20 unusual ways to save money: Send your kids overseas for school
Dec 15th 2008 5:30PM
Updated Dec 16th 2008 5:13PM
Don't laugh. For an article I wrote last year, I interviewed a 22-year-old college grad who just passed the New York Bar Exam and is now a practicing attorney. That's because he chose to get his law degree at Oxford, where his undergrad program included law school and took just three years to finish. He also saved a substantial amount of money. Because Oxford costs $20,000 a year, he paid $60,000 total for college and his law degree. If he had gotten it here, he would have paid $100,000 for four years of undergrad -- and then a ton more for three years of law school.
And that's the norm. Tuition for international students at top universities in the U.K. and Canada are 25 percent to 50 percent less than at U.S. private universities. Students also save time too, shaving at least a year off of undergrad. Travel and living expenses add to the amount, of course, but the total cost is about the same as an out-of-state resident attending state school. The Institute of International Education says a student at Scotland's Unversity of St. Andrews (Prince William's alma mater) pays the same per year -- $13,000 -- as a non-state resident at the University of Virginia. With the dollar climbing against other currencies, it's not as much of a hit to the wallet as compared to a year ago. College is even more affordable in Australia ($11,000) and New Zealand ($9,500). Nearly all U.S. federal loans can be used to pay for school overseas. A good resource for all the information is CollegeAbroad.com.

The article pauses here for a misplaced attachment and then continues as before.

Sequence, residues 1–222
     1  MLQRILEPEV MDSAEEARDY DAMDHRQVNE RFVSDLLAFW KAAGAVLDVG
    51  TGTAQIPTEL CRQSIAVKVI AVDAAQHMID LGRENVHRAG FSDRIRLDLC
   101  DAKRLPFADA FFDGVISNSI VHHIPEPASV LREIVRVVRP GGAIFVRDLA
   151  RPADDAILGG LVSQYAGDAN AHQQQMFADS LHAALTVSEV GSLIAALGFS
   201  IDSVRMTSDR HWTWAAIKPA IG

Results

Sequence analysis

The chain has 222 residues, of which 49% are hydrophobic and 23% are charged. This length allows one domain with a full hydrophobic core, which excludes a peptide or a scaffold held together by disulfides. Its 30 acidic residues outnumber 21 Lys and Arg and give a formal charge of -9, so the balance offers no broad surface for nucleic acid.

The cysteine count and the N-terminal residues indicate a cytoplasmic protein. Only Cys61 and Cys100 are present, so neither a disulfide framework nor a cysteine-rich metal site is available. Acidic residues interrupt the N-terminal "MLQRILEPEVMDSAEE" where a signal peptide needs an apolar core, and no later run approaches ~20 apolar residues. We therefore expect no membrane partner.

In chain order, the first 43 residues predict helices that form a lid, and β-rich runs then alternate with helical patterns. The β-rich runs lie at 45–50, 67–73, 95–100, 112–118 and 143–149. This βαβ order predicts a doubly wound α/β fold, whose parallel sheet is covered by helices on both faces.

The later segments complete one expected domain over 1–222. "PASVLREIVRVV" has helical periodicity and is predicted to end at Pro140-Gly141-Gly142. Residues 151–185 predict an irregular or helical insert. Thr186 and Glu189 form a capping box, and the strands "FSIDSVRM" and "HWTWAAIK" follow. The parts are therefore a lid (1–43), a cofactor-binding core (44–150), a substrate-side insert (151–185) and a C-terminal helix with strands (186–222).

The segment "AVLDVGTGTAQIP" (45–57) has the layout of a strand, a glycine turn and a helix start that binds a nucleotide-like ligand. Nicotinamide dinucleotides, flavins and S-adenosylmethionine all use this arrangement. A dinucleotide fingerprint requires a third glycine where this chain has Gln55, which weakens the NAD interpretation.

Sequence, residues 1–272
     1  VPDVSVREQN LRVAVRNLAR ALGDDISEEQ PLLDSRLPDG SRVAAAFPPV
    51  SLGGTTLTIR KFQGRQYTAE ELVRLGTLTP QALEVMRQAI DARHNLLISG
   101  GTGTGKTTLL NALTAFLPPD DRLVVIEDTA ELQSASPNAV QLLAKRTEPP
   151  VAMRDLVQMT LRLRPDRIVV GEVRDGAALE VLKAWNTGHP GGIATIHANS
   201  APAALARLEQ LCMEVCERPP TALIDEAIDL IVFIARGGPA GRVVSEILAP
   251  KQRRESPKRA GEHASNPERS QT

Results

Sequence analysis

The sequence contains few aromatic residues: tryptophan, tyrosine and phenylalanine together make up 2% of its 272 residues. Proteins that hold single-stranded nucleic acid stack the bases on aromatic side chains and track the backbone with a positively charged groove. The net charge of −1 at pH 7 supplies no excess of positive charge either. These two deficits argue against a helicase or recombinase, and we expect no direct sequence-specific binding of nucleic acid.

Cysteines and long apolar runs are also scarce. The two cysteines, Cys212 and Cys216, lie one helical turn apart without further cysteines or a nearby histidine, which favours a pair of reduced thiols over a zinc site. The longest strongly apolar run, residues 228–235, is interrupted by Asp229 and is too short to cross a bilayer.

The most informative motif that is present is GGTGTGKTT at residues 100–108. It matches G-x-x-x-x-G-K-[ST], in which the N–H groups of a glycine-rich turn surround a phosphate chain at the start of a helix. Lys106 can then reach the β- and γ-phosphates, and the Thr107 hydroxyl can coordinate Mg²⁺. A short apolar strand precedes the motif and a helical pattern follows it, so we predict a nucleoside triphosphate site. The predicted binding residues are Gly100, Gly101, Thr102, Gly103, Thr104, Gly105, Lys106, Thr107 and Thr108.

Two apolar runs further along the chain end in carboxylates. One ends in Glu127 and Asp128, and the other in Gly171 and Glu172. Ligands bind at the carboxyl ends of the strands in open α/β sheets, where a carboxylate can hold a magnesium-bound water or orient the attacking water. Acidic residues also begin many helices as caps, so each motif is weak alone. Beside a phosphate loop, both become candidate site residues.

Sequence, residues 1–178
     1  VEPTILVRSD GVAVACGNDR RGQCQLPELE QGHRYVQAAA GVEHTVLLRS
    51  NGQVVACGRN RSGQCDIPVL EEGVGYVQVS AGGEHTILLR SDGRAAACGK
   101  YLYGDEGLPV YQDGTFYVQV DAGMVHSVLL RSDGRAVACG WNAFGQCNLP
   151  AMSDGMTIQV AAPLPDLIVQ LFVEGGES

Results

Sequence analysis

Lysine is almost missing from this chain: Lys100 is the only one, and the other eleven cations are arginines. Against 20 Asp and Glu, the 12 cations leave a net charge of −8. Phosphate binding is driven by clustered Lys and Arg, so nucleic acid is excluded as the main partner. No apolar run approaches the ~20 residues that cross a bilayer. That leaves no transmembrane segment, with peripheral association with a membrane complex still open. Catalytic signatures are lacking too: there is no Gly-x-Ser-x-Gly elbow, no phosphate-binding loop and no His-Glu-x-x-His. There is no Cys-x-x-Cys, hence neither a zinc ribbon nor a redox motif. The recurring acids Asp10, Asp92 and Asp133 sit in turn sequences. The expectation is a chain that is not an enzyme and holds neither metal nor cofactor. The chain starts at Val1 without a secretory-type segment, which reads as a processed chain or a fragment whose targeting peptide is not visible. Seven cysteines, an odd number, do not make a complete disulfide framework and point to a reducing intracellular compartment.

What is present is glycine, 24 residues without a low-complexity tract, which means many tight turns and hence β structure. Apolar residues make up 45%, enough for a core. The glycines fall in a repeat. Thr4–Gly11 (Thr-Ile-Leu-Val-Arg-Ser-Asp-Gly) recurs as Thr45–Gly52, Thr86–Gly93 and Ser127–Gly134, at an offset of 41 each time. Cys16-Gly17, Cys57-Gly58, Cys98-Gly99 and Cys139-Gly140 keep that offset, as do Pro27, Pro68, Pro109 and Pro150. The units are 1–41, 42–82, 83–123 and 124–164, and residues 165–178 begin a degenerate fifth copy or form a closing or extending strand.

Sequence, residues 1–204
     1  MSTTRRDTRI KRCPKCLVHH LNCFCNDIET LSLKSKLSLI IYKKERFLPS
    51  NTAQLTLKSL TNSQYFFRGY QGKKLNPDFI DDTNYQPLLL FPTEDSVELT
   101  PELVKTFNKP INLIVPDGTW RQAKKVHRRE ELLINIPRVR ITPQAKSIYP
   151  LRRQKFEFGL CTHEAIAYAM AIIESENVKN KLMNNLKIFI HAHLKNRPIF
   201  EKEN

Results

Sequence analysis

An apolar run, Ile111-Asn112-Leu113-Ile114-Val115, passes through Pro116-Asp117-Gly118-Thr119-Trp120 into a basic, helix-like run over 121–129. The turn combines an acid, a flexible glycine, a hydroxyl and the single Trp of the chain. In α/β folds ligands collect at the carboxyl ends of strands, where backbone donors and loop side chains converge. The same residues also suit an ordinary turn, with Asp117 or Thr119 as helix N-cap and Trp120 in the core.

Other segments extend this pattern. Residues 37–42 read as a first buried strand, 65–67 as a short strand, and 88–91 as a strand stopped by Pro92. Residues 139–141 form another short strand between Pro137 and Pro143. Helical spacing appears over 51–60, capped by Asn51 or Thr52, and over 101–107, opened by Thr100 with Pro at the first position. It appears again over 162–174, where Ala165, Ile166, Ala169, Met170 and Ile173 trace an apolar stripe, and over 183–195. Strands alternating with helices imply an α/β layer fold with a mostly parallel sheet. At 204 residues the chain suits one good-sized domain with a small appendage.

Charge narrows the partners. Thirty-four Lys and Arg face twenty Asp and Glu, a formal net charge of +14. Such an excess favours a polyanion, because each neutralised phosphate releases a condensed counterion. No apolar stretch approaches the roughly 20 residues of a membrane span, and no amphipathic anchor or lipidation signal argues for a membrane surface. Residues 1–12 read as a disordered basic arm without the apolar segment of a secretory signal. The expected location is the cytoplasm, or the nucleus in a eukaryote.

Going to school overseas is best for students who know what major they want to study on their first day of college. That's because many universities don't offer a core curriculum of arts and sciences, and they require prospective students to declare their major when they apply. That's not so great for students who want to take liberal arts courses before deciding on their major. An overseas degree may not be great if you're applying to graduate school or an entry-level job in the U.S. and they're totally unfamiliar with where you went for undergrad. However, thay're the dumb ones if they haven't heard about Oxford. And if you're a grad with her heart set on working for a multinational company or the State Department, overseas experience is totally in your favor.
So if your kids tell you about their dreams to study at Cambridge or the Sorbonne, don't knock 'em. It may be financially easier to send them there than to school here in the good ol' U.S.A